What are Sustainable Cities and How Can we Build Them in Nigeria?

Chukwunomnso Okeke*

As the world continues to race against time to avert an impending climate catastrophe, various steps are being taken to reduce global CO2 emissions and protect the natural environment. This includes initiatives aimed at reducing transport emissions, reducing resource consumption, and reducing and eliminating waste among various others. However, a big obstacle to the achievement of these targets is the presence of existing systems and infrastructure that encourage the continuation and exacerbation of the current issues. For example, transport emissions are a by-product of the development of internal combustion engine vehicles to cater to our need to move from place to place as quickly as possible. Yet, this is, in turn, primarily due to the physical distances between our homes, schools, places of work, hospitals, places of worship, et cetera. If these distances were significantly less and people could access all the goods and services they need and want without having to travel for miles, vehicular emissions would inevitably reduce drastically as well.

Therefore, it can be deduced that an effective way of achieving sustainability is by changing established norms and practices that either cause or encourage activities that inflict damage upon the environment. One way this can be achieved is via the development of sustainable cities and communities.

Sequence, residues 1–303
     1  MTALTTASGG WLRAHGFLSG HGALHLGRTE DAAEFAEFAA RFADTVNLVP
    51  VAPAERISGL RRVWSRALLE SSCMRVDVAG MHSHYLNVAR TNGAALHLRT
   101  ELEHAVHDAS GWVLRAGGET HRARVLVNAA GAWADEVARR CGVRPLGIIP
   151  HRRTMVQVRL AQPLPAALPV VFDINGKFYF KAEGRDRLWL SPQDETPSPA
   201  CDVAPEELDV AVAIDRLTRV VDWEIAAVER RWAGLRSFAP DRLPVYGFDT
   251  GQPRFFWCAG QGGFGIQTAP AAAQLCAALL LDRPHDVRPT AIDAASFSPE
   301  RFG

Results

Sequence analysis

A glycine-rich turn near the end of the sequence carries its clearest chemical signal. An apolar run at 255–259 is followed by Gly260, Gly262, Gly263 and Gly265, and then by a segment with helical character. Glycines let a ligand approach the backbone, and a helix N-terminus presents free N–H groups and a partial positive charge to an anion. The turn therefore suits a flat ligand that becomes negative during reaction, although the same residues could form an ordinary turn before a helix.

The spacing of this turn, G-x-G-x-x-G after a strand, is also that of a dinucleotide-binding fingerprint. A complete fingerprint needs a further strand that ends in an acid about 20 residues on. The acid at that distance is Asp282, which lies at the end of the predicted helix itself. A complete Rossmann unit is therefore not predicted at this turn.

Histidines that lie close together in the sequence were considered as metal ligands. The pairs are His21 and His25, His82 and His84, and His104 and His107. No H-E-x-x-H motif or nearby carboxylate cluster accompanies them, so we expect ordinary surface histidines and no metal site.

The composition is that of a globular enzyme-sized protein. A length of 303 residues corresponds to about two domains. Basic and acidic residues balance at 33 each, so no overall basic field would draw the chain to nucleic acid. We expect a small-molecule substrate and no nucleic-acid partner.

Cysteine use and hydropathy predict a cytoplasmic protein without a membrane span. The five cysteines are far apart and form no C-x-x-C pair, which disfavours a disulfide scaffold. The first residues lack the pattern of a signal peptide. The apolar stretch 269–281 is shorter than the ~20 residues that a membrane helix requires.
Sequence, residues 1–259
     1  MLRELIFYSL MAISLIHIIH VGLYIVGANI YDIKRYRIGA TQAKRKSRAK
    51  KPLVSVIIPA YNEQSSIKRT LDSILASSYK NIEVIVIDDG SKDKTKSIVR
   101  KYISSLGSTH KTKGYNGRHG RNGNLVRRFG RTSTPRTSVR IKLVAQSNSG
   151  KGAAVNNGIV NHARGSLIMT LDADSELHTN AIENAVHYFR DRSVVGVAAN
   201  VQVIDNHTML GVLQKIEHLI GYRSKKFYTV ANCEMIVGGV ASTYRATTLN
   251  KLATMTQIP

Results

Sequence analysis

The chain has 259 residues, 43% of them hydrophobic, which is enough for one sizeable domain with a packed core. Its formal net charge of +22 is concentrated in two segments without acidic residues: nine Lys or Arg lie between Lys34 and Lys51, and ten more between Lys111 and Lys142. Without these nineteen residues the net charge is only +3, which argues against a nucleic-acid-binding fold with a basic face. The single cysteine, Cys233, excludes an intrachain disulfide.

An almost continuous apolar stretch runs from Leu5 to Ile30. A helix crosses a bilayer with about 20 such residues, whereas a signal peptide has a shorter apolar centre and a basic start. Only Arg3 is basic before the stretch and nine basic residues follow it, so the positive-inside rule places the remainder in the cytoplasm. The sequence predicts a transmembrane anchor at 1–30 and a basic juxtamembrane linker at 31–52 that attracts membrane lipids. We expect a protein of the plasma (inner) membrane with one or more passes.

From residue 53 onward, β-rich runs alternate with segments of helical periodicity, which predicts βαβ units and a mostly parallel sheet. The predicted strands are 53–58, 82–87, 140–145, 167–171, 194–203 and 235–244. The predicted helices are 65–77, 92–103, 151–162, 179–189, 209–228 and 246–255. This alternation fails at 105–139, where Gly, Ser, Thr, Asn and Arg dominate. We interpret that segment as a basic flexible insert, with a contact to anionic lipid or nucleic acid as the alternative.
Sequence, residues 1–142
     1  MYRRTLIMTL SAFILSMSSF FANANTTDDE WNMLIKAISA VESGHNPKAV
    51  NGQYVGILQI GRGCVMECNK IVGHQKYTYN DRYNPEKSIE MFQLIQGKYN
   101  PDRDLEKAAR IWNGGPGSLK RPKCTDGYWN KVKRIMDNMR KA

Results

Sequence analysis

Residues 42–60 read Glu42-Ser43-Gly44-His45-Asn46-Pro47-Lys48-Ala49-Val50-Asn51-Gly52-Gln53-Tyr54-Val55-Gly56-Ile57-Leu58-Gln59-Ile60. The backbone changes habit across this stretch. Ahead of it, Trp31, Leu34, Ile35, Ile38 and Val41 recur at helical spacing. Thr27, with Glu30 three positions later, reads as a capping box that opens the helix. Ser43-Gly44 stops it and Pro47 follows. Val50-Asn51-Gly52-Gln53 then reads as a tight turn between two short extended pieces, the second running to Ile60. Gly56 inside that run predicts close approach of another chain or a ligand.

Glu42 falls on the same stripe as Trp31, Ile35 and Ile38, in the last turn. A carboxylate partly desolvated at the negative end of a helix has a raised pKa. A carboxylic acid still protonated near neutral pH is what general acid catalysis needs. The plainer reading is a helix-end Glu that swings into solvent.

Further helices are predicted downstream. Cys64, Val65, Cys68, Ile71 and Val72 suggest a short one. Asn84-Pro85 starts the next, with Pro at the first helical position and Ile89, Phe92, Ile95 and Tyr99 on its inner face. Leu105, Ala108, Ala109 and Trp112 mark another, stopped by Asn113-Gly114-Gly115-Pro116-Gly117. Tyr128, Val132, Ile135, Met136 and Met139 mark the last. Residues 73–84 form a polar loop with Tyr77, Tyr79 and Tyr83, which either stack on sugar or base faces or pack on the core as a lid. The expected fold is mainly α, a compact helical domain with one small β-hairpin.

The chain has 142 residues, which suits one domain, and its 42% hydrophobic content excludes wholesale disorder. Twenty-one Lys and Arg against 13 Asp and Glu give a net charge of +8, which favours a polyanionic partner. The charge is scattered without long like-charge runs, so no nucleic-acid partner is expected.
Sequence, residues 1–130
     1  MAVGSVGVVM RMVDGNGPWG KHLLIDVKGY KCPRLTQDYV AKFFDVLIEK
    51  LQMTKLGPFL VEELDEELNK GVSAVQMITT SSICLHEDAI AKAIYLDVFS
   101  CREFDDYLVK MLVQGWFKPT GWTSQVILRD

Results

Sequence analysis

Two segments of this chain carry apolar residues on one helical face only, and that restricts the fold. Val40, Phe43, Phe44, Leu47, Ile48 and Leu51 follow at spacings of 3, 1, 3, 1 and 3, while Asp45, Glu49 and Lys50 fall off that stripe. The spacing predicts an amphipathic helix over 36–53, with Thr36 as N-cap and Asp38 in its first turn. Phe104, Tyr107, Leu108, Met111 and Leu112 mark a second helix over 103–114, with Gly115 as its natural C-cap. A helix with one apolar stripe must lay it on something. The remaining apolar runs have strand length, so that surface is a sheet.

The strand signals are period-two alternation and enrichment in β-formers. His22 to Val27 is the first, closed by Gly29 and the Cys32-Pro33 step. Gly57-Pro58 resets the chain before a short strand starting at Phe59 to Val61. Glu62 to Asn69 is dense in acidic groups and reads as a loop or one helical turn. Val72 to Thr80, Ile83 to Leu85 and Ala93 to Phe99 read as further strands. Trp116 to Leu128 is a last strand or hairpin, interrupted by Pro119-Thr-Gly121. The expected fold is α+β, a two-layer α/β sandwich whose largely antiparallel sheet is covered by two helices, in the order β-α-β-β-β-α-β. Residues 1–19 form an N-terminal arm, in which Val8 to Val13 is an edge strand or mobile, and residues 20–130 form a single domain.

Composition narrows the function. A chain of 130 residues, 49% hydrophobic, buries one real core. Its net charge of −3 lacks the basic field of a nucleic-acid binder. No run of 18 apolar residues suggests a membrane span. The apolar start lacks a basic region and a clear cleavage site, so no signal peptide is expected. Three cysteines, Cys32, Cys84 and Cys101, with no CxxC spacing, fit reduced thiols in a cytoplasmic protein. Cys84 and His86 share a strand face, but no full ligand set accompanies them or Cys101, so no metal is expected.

Sustainable cities and communities, otherwise known as green or eco-cities and communities, are regions that have been designed with consideration given to all three Ps of sustainability — people, planet, and profit. This framework was termed the triple bottom line of social, environmental, and economic progress because it shifts businesses and communities away from focusing solely on profit and wealth generation by including the social and environmental dimensions of development and progress. Consequently, these communities are able to satisfy their needs in the present without depriving future generations of the ability to meet their own needs. According to the World Bank, sustainable cities and communities have the following characteristics:

  • They are environmentally sustainable in terms of cleanliness and efficiency.
  • They are resilient to social, economic, and natural shocks. They are especially designed to be resistant to natural disasters, which are increasing in frequency and intensity due to climate change.
  • They are inclusive communities that draw on all dimensions of society and all groups of people — including the marginalised and vulnerable — into their markets, their services, and their development.
  • They are competitive communities that can stay productive and generate jobs for members of the community.

The significance of sustainable cities and communities is highlighted in its inclusion as Goal 11 of the 2015 Sustainable Development Goals, which are milestones set by the global community to ensure a better and more sustainable future for all.